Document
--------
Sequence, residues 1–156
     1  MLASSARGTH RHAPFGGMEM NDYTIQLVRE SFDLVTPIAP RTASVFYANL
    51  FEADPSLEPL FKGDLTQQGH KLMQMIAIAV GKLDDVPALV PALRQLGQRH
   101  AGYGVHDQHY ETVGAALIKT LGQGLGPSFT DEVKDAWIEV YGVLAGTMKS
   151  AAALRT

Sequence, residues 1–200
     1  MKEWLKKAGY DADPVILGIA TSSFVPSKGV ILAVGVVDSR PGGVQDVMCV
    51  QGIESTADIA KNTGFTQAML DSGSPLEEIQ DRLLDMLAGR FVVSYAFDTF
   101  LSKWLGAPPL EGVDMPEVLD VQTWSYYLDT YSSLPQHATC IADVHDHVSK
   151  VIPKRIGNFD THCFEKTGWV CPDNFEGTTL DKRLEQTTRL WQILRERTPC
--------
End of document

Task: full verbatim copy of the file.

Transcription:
Sequence, residues 1–156
     1  MLASSARGTH RHAPFGGMEM NDYTIQLVRE SFDLVTPIAP RTASVFYANL
    51  FEADPSLEPL FKGDLTQQGH KLMQMIAIAV GKLDDVPALV PALRQLGQRH
   101  AGYGVHDQHY ETVGAALIKT LGQGLGPSFT DEVKDAWIEV YGVLAGTMKS
   151  AAALRT

Sequence, residues 1–200
     1  MKEWLKKAGY DADPVILGIA TSSFVPSKGV ILAVGVVDSR PGGVQDVMCV
    51  QGIESTADIA KNTGFTQAML DSGSPLEEIQ DRLLDMLAGR FVVSYAFDTF
   101  LSKWLGAPPL EGVDMPEVLD VQTWSYYLDT YSSLPQHATC IADVHDHVSK
   151  VIPKRIGNFD THCFEKTGWV CPDNFEGTTL DKRLEQTTRL WQILRERTPC